My solution is not, as most would probably suggest, "lower that age!" for work. No, I will tell you my solution later, because it works so well for all of my problems.

Another serious issue is that (again, in my part of the country), the legal age to have a full driving license for yourself is sixteen and a half years old (it may vary in other places, which I believe it does, but the range is not large). What is the problem? That's about two years into high school, where it's obvious that many kids who reach high school are at a point in their lives where depending on others to do something so simple as to reach point B from point A becomes unnecessary. Driving is dangerous, yes, and it isn't the easiest thing in the world. However, I doubt somebody who is just turning sixteen is far more able to handle those lessons than someone who is just turning fifteen or is fourteen and a half entering high school.

The problem, again, is that somebody assumed that ALL sixteen-year old students can be ready to apply for that license while ALL fifteen and fourteen-year olds aren't. Do you see a problem? I highly doubt that the "ALL" instance is true in either. It's kind of ridiculous knowing that our example person, who does well in school and would have no problem driving, has to rely on other methods of transportation to transport themselves from school to wherever else. I don't think it's a good idea to drive everywhere - being an environmentalist, I think people are more than capable of finding other ways to get to places if it's readily available. But seriously, a convenience so simple as self-transportation just like everyone else should not be denied to those younger than a specific age. It just doesn't add up.

What's the argument against this? "It needs to be sure that the people are ready and it wouldn't be fair if there was no age limit"? Something like that? My counterargument will be here later.

How about this one, now, a bigger one, if you will - the right to vote. Isn't it great knowing, as someone under eighteen, that even though the presidential candidates are trying to appeal to the education system and helping the youth, that the demographic they're trying to target can't really sway the decision either way directly? I think, personally, this is an age-old problem that goes back to believing you have to be eighteen to "understand" politics and "understand" what voting really means. You mean to tell me that the moment you turn eighteen, you immediately are qualified to "understand" all this? I don't know about that.

Finally, and while this is somewhat of a different argument, I have an issue with how education is set out for a lot of places. If you're a sophomore in high school, and you've known since freshman year what you want to go to college for, you must feel like a real schmuck sitting in school learning stuff you KNOW you won't use in the future for your line of work. But once you get to college, you're immediately qualified to learn whatever you want because you spent four years sitting in classes you didn't need, and you know you didn't need? "Hi, I'm applying to this college. Here's how I did in high school. None of it matters since a lot of it doesn't have to do with what I'm going to study. Do I qualify?" Great, right? Wouldn't it be better if there was a wide range of possibilities for students like this to lay out their own schedule, rather than following the one the school system decided was right for them? I know there are plenty of options, but the diversity of classes once you get to college is so much better, you wonder why you didn't get that in high school, when you probably could have in one way or another if you had the choice.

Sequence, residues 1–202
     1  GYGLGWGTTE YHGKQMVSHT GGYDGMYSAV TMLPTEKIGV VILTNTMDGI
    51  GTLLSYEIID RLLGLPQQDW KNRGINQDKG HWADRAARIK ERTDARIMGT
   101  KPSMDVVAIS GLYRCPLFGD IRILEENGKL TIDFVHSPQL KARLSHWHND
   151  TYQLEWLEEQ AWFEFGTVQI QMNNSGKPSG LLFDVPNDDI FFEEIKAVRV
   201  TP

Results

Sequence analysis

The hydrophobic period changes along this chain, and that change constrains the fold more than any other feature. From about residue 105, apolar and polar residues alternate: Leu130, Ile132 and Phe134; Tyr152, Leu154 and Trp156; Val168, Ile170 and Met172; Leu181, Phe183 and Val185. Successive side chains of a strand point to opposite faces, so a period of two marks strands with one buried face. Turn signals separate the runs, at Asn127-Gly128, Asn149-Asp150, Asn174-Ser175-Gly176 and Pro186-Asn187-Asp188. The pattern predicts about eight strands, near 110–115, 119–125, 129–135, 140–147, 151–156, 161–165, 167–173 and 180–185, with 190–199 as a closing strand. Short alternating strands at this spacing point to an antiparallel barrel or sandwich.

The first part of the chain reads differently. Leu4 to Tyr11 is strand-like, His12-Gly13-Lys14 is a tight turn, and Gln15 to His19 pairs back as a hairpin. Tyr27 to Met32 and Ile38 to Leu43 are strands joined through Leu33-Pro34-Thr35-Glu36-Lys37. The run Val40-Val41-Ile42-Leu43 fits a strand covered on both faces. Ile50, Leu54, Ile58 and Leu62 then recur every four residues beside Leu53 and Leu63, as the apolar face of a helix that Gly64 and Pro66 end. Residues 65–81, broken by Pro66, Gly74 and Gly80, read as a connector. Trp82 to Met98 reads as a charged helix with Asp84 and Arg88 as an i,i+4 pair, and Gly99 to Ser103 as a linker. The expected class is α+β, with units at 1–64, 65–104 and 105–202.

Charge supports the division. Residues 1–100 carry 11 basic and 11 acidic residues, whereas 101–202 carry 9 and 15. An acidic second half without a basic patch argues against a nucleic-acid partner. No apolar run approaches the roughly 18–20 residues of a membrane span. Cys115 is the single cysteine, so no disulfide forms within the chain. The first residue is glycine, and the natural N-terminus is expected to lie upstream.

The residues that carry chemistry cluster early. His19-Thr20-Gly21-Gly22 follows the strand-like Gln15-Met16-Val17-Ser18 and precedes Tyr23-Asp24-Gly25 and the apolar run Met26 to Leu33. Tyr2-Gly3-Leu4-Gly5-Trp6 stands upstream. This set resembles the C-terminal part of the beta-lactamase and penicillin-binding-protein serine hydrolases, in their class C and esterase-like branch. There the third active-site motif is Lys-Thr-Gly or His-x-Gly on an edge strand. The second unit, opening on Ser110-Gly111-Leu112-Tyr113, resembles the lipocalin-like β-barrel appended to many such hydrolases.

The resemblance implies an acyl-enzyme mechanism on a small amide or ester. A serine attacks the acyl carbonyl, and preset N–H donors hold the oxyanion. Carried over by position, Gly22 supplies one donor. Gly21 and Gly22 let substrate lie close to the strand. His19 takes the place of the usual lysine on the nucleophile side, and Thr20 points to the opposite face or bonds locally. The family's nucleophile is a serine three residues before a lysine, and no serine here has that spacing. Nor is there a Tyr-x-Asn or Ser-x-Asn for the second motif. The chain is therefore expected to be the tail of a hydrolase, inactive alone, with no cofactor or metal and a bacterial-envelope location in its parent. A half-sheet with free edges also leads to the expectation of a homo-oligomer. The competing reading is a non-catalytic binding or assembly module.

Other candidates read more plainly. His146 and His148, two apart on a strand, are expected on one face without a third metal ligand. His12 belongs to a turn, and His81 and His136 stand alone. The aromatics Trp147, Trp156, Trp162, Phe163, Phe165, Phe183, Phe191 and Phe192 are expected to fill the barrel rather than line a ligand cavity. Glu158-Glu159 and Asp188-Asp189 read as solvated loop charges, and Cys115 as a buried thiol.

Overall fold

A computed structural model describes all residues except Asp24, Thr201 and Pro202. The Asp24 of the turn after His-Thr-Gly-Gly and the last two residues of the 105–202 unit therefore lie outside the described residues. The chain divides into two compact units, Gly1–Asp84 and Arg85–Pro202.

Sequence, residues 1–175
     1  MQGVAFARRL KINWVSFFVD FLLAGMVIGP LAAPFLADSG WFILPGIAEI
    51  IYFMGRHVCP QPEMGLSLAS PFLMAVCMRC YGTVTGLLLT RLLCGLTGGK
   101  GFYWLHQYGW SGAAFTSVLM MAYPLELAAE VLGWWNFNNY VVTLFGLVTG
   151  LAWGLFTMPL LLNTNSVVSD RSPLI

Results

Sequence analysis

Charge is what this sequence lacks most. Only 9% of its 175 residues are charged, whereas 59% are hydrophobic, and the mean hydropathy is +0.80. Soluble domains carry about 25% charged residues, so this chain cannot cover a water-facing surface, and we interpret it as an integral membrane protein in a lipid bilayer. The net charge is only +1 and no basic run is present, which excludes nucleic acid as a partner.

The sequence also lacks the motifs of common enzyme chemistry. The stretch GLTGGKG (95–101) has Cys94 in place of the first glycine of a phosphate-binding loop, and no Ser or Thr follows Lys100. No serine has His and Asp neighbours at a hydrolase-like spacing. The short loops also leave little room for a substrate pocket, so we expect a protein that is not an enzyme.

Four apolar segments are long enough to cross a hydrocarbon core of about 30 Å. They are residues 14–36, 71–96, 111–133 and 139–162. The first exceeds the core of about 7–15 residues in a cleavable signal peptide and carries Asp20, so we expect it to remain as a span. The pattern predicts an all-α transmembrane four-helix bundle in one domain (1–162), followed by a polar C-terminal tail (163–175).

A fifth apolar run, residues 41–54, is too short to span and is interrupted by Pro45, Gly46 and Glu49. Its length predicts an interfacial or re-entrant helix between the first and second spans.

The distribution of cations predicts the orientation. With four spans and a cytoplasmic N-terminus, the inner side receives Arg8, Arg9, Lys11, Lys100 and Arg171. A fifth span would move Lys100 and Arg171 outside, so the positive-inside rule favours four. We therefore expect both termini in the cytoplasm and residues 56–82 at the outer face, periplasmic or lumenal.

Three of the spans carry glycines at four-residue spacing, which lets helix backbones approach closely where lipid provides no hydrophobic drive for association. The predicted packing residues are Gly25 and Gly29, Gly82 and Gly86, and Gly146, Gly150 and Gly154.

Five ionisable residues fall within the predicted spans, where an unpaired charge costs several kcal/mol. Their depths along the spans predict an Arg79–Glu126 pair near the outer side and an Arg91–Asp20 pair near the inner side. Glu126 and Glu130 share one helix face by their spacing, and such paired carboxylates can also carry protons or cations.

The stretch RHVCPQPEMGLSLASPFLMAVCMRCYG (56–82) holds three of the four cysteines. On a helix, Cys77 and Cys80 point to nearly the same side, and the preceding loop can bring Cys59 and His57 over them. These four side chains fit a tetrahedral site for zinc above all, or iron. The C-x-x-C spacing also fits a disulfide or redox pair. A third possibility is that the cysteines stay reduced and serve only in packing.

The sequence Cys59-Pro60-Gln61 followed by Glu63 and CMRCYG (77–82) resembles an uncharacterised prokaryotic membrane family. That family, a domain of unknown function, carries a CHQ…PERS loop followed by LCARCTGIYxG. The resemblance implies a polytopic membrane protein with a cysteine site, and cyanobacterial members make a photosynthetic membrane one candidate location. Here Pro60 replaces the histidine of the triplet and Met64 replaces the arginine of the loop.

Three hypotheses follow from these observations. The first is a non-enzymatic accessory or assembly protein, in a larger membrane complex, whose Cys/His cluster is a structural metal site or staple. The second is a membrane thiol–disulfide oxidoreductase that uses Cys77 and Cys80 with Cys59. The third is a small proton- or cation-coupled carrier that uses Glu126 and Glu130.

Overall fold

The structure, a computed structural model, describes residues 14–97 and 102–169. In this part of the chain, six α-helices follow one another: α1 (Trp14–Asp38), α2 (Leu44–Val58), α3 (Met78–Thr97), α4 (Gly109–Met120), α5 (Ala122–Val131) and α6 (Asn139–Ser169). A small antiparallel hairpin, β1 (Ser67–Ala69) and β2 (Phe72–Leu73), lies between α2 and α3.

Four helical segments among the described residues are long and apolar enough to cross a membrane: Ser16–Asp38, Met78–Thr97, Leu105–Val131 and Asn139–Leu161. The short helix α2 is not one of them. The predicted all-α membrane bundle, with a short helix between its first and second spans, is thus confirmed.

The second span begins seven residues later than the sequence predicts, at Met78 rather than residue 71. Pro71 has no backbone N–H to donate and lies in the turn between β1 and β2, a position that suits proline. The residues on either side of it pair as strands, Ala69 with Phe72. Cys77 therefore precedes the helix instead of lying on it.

I never gave my solution for these problems. Now, my solution follows.

I may not have showed how angry I was about some of these different issues. You may not even see it as discrimination, but rather as setting an age limit. Fine, but I see it as discrimination. My solution is this: Rather than saying EVERY person over one age is ready to do something and EVERY person under it is not, why not just say, "let's find out if you're ready" and set up a test/exam or proper way to find out? That way, you don't discriminate based on anything but whether or not that person truly would be ready to go on the given topic.

If you can pass a driving test perfectly, answer every question, and then prove you know what you're doing on the road at age fourteen, why deprive this kid of a license? What if he's got to go to his mom's house every week and his dad's on the weekend and nobody likes bringing them to either location because of family issues? What if he has a lot of sporting events he needs to attend, and he can't make it because nobody else can transport him there, even if it's nobody's fault?

Why deprive some sixteen-year old who knows more about the current state of politics and who they feel is in the right place to lead the country than some kids in college of the right to vote?

Why keep someone out of a job when they might legitimately need the money for something, whatever it may be?


© Copyright 2017 Matt Bassette. All rights reserved.